by GEOFF GEIB
1. Eastern Promises
The entire movie pulsates with an urgency and rage that belies its calm exterior and plays just a fraction under the surface. There is only so long before it will boil over and when it does, neither we nor the characters are truly prepared. At the core of the film is the exploration of identity, every character a wonder of complexity, as much a creation of their own minds as anything else. An outstanding lead performance from Viggo Mortensen drives the most challenging, layered, intricately constructed, and as a result, best film of the year.
Brilliant psychological exploration of obsession, David Fincher’s pseudo-serial killer film focuses on three men, all of whom suffer terribly from their inability to reconcile their own personal failings with the existence of a killer who cannot be caught.
3. No Country For Old Men
A magnificent adaptation of the novel, the movie moves lyrically through its themes while relentlessly punishing its heroes. The Coen brothers are so very good at paying homage to their favorite genres, their films sometimes devolve into an impressive exercise, rather than an ultimately satisfying, self-contained movie. No such worry here. At the height of their powers with excellent source material, the movie is a haunting exploration of evil and our place in a world where such men are unavoidable.
Yes, there are flaws. The movie is too long and the desire to pay homage to the original film negates a measure of its overall effectiveness, but these are small complaints and pale before what is a stunning achievement in a genre that has seemingly become mired in either the ‘torture porn’ camp or the equally problematic post-modern shtickiness begun by Scream a dozen years ago. This is the best slasher film since A Nightmare on Elm Street.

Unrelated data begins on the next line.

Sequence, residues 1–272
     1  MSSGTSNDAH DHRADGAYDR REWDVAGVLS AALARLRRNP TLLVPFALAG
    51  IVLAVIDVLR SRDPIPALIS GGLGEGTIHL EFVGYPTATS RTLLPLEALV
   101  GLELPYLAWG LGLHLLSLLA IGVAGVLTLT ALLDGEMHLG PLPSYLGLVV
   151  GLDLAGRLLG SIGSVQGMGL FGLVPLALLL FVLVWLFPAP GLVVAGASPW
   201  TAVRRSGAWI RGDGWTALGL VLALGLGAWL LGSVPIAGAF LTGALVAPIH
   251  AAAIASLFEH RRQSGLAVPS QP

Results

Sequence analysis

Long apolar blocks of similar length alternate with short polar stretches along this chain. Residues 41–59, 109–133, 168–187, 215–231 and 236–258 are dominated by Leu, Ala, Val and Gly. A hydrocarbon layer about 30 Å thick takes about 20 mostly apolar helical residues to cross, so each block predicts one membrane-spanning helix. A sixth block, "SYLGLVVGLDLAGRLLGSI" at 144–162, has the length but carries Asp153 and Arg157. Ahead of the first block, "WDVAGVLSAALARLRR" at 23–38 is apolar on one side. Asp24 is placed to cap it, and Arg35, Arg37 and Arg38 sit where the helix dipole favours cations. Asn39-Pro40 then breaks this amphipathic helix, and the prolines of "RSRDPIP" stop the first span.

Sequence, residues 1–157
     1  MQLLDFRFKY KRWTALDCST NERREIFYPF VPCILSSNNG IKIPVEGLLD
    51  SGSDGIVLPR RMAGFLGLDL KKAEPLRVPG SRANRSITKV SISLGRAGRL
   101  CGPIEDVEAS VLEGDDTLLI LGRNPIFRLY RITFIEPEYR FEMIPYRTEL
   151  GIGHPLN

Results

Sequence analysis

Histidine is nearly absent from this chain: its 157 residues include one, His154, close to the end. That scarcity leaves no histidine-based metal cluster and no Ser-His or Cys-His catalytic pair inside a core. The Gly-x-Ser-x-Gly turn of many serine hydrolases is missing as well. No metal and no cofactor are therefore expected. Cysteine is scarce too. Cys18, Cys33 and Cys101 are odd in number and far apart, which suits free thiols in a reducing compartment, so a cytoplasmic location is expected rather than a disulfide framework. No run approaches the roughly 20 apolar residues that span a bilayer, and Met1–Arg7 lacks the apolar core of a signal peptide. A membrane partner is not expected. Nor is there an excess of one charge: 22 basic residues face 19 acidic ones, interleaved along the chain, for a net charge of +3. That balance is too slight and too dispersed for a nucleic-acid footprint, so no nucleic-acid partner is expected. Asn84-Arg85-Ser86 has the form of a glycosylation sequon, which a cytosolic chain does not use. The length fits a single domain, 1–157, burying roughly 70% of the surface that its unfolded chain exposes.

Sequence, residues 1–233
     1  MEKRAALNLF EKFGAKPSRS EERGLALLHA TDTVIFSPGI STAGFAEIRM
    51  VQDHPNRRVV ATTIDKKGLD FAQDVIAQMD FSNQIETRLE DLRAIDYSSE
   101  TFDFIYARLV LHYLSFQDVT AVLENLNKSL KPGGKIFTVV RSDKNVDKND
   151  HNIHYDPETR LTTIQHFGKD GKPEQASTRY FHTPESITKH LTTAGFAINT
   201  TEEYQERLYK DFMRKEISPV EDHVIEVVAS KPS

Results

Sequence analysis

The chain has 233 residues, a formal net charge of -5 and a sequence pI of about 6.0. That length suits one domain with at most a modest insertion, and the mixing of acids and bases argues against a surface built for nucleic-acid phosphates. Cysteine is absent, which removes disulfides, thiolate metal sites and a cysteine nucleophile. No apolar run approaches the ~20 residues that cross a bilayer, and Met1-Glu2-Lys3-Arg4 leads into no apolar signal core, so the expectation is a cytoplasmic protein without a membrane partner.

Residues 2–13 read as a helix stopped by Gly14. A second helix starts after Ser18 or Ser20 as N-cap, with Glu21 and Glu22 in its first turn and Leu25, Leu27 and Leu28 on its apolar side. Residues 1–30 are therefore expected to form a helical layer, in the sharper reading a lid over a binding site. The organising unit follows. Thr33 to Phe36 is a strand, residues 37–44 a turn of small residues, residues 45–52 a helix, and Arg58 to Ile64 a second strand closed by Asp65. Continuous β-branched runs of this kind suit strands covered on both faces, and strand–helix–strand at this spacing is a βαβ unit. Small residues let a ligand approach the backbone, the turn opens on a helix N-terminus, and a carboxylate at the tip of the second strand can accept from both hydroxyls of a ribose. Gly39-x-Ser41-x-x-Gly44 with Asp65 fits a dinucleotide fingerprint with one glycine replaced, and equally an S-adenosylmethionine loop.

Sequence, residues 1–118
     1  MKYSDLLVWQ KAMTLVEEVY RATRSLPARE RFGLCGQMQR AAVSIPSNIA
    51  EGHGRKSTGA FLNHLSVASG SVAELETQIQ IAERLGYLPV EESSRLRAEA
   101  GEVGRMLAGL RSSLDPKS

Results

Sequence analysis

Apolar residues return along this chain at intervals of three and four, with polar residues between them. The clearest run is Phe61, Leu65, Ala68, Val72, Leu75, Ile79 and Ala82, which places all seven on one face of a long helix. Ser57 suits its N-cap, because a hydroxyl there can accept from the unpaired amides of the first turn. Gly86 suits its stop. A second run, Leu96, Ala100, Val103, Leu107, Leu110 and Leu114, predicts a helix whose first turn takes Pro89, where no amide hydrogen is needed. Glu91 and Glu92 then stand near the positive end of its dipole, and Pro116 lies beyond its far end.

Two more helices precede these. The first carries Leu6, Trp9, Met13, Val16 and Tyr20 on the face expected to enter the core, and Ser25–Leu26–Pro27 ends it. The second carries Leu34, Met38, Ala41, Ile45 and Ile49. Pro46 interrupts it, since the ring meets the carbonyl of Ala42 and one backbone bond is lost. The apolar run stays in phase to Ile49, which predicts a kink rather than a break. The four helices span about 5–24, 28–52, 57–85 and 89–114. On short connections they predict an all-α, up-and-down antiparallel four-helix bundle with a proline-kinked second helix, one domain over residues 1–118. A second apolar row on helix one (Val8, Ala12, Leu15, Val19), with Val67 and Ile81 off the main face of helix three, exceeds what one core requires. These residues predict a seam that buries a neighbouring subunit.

5. Hot Fuzz
Wonderfully clever and silly, this loving assault on high-octane American action movies strikes exactly the right chord from beginning to end. A trifle long, but Simon Pegg, who was so very good in Shaun of the Dead and Spaced, carries the film when it lags.
6. The Savages
Laura Linney was similarly captivating as Mark Ruffalo’s sibling in You Can Count On Me, and here she pairs with Phillip Seymour Hoffman to give a superb depiction of an adult relationship between a pair of over-educated siblings in the throes of mid-life crises.
7. Alpha Dog
From the moment the opening credits hit the screen, the movie spirals out of control at an alarming rate and while we long to change the inevitable, we are as powerless as the characters on screen to alter the outcome. Bleak, melancholy and deeply affecting.
8. The Lookout
An exceptionally strong script from Scott Frank, but the film makes the list for the tremendous lead performance by Joseph Gordon-Levitt. Following his equally impressive work in 2005’s Brick, Gordon-Levitt is eminently watchable without being showy in a role that could easily have seduced an actor into overplaying the part.
It’s not Sayles’ best film by a long shot, but like all of his films, it creates a world that stands on its own before we arrive and will continue long after we leave. It is our pleasure to simply pass through for a few days, and combined with a strong performance from the criminally underrated Charles Dutton and excellent music, it sneaks into the top ten.
10. The Bourne Ultimatum
It is a relentless assault on our hero and our senses as director Paul Greengrass refuses to let the camera or the story rest for a minute. If the script were up to the same level, this would rocket up the list.